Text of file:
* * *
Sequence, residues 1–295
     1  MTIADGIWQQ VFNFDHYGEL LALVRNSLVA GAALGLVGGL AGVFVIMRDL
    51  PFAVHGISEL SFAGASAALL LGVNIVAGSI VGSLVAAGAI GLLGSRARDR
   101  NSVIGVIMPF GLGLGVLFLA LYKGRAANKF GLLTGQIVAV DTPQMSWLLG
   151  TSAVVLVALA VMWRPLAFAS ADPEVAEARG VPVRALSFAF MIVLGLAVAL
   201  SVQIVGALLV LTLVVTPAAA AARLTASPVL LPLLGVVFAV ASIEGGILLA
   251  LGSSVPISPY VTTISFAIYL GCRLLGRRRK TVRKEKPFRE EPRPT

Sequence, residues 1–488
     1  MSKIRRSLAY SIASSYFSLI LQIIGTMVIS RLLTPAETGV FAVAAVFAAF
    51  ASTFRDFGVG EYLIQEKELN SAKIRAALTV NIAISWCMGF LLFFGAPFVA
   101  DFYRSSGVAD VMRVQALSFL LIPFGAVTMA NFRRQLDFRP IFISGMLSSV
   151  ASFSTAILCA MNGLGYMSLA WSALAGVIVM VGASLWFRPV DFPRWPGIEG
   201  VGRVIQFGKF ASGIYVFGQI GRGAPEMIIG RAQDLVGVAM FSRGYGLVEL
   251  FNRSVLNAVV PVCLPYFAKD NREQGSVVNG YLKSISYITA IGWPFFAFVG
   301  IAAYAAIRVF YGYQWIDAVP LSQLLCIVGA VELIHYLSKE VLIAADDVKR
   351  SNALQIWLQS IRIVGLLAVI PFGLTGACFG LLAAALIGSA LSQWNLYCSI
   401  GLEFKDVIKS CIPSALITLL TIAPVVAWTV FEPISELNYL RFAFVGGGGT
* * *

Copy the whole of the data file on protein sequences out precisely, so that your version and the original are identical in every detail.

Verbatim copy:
Sequence, residues 1–295
     1  MTIADGIWQQ VFNFDHYGEL LALVRNSLVA GAALGLVGGL AGVFVIMRDL
    51  PFAVHGISEL SFAGASAALL LGVNIVAGSI VGSLVAAGAI GLLGSRARDR
   101  NSVIGVIMPF GLGLGVLFLA LYKGRAANKF GLLTGQIVAV DTPQMSWLLG
   151  TSAVVLVALA VMWRPLAFAS ADPEVAEARG VPVRALSFAF MIVLGLAVAL
   201  SVQIVGALLV LTLVVTPAAA AARLTASPVL LPLLGVVFAV ASIEGGILLA
   251  LGSSVPISPY VTTISFAIYL GCRLLGRRRK TVRKEKPFRE EPRPT

Sequence, residues 1–488
     1  MSKIRRSLAY SIASSYFSLI LQIIGTMVIS RLLTPAETGV FAVAAVFAAF
    51  ASTFRDFGVG EYLIQEKELN SAKIRAALTV NIAISWCMGF LLFFGAPFVA
   101  DFYRSSGVAD VMRVQALSFL LIPFGAVTMA NFRRQLDFRP IFISGMLSSV
   151  ASFSTAILCA MNGLGYMSLA WSALAGVIVM VGASLWFRPV DFPRWPGIEG
   201  VGRVIQFGKF ASGIYVFGQI GRGAPEMIIG RAQDLVGVAM FSRGYGLVEL
   251  FNRSVLNAVV PVCLPYFAKD NREQGSVVNG YLKSISYITA IGWPFFAFVG
   301  IAAYAAIRVF YGYQWIDAVP LSQLLCIVGA VELIHYLSKE VLIAADDVKR
   351  SNALQIWLQS IRIVGLLAVI PFGLTGACFG LLAAALIGSA LSQWNLYCSI
   401  GLEFKDVIKS CIPSALITLL TIAPVVAWTV FEPISELNYL RFAFVGGGGT